Indian pubcaster Prasar Bharti’s CEO Shashi Shekhar Vempati while highlighting the constructive role played by his organization during the pandemic, rues the click-bait journalism adopted by some global public service broadcasters.
Vempati said that more than 70 of Doordarshan’s TV channels broadcast educational content to address the needs of students from different parts of the country with different languages and curriculum. During the coronavirus pandemic, Prasar Bharati repurposed its channels to be of use to students who were confined at homes when schools were closed as a precautionary measure, All India Radio news reported.
Addressing the Asia-Pacific Institute for Broadcasting Development (AIBD) Leaders’ Web Summit last week, Vempati said more than 20 TV channels of Doordarshan, which run general entertainment and news throughout the day, “repurposed themselves” for students across the country. Moreover, the public service broadcaster has over 50 dedicated channels for education.
Similarly, Doordarshan’s sibling All India Radio carried educational programs to remote areas. Recently, the public broadcasting’s radio channel in Jammu & Kashmir has been airing classes for students, which according to available data, is benefitting approximately four million students.
As the theme of the webinar was ‘Redefining the role of media in the new norm’, the Prasar Bharati head honcho highlighted the challenges during the pandemic, which included propagating proper COVID-19 protocols.
“India is a diverse country, (has) several languages, (and) hundreds of dialects, so to get this social messaging in this dynamic environment to a diversity of communities was a great challenge. And that is where the public broadcaster really came through,” Vempati said.
He also highlighted that the public service media went from an analog terrestrial to a free-to-air (FTA) across the country via DTH satellite platform, thus benefiting millions through TV channels and radio.
“The benefit of having such a Free-to-Air (FTA) Direct-To-Home satellite platform was that it had a nationwide reach; now the latest figures are about 40 million households, its geographical spread was the entire landmass, again you are not restricted by the terrestrial limitations there,” he explained, according to the AIR News report.
Crediting information technology for being a crucial factor in coping with the constraints posed by the pandemic, the seasoned technocrat said, “In last three years, we have taken so many steps to be IT-enabled, automated, and to embrace digital tools that it came handy in this pandemic situation. Had we not taken those measures, it would have been impossible for us to function in this environment with these challenges.”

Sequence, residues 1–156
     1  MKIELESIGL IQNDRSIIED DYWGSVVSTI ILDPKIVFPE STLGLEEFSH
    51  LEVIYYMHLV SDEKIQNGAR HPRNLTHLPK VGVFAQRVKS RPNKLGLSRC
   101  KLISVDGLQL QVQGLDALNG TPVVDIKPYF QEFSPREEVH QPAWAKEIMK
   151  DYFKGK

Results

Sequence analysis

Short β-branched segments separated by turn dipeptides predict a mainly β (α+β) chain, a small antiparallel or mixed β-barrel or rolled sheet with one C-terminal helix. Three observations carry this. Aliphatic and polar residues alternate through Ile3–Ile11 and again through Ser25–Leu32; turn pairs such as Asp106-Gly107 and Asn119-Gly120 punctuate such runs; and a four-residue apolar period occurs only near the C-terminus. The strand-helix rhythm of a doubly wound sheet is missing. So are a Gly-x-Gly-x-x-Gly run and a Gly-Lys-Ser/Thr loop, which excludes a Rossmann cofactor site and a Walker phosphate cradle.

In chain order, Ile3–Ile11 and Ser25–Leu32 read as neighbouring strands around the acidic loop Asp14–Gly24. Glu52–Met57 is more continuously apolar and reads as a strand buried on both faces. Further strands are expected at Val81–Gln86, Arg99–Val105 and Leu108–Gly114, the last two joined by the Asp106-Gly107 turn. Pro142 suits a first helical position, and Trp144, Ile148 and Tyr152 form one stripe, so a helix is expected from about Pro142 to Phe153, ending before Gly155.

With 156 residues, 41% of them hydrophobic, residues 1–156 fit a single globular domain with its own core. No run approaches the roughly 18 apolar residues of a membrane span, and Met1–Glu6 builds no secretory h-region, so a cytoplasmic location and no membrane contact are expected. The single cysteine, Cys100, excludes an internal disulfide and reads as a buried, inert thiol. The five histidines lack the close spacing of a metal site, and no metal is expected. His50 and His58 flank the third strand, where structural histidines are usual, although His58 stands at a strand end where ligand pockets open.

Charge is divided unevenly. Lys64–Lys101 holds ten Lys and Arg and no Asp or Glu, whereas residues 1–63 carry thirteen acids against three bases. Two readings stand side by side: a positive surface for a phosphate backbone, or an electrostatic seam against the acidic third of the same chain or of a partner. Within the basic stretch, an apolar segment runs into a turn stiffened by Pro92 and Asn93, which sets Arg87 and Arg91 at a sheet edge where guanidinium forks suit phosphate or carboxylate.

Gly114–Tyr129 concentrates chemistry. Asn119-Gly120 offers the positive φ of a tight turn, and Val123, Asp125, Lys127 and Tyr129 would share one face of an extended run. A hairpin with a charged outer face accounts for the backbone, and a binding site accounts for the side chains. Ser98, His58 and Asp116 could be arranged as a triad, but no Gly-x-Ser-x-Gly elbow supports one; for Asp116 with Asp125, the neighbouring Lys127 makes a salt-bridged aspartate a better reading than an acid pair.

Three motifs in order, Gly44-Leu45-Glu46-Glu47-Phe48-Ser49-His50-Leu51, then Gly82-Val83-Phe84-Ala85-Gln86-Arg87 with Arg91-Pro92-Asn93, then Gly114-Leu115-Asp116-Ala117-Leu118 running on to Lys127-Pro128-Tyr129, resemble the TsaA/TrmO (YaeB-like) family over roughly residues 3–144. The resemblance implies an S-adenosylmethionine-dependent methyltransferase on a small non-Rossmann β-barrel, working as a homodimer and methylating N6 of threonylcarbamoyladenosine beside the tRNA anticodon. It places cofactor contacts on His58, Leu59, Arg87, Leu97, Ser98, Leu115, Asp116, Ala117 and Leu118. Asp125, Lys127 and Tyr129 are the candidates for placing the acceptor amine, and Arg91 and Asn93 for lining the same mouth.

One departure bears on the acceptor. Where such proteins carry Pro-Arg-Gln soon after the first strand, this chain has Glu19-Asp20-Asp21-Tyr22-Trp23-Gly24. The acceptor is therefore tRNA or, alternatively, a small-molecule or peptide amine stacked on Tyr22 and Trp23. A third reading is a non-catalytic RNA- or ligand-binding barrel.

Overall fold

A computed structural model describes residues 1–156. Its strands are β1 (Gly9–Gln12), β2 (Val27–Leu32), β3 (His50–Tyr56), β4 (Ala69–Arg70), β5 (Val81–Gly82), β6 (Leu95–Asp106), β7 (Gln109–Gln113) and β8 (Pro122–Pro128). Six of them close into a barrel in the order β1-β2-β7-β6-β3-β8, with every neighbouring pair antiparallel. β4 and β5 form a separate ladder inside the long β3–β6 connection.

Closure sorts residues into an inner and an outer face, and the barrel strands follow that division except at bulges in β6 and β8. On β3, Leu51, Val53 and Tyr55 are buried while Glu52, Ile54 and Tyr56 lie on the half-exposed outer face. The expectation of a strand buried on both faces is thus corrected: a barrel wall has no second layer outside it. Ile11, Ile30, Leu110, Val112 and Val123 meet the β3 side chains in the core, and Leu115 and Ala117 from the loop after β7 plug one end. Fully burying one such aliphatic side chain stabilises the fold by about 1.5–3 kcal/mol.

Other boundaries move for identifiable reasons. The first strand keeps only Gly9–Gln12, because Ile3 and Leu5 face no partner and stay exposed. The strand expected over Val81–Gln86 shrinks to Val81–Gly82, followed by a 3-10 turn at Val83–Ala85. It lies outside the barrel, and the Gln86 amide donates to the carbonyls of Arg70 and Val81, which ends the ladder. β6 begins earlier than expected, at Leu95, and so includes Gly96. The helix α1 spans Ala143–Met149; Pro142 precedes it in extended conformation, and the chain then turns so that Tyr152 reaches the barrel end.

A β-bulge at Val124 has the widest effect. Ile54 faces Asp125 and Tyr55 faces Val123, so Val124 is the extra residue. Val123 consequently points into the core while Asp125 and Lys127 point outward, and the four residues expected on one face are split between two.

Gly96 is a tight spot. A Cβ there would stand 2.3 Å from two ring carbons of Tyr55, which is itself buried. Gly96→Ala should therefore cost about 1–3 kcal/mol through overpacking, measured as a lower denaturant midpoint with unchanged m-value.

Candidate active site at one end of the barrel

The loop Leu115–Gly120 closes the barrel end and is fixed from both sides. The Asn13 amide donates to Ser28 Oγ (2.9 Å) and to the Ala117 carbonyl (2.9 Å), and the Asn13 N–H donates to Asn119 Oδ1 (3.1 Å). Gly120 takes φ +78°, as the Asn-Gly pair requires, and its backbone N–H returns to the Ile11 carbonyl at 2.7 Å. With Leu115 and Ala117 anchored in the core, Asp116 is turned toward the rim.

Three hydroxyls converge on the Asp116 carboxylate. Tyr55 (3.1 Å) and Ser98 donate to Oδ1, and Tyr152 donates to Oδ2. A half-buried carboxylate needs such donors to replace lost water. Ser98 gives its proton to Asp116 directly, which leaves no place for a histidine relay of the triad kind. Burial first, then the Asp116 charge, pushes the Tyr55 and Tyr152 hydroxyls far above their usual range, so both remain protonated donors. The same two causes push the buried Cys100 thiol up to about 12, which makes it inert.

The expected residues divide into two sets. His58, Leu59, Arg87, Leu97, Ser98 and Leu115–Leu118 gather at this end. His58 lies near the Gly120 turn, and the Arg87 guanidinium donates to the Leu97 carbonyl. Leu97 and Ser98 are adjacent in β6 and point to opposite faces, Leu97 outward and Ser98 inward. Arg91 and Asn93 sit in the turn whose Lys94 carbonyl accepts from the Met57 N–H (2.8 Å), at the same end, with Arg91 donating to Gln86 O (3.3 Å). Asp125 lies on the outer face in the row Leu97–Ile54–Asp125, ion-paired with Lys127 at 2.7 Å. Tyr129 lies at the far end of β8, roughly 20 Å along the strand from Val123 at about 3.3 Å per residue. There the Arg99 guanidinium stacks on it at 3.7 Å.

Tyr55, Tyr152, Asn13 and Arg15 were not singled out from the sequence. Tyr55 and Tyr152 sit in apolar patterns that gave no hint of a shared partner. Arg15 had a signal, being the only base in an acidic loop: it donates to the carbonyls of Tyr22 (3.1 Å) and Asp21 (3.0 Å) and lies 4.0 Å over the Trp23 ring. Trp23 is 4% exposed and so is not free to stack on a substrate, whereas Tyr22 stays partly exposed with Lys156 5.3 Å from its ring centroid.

However, he couldn’t stop himself from taking some potshots at the media in general and some players in particular.
Speaking on the role of media in today’s time, Vempati said that it was distressing how some of the global public service media, who have an international presence, fell short in their haste to perhaps attract more eyeballs, more traffic, and fell into this trap of click bait journalism.
He said that it was very unfortunate that such reputed institutions have exaggerated and reported in a manner that is not consistent with the values that public service media holds when they are at home and reporting from home.
He further said that there should be a discussion on should the media focus only on problems or become an enabler for solutions.
Outlining his views on whether public service media lived up to the values of journalism in the fight against Covid-19, the Prasar Bharati CEO said that whether it’s the old normal or the new normal, there are certain values and those values have to prevail.
“We often see that media tends to focus on the sensational aspect of what has happened and this phenomenon has gotten even worst with the advent of digital and what is commonly referred to as click bait journalism. But, unfortunately, that phenomenon has exacerbated the whole problem during the pandemic rather than providing a solution,” he said.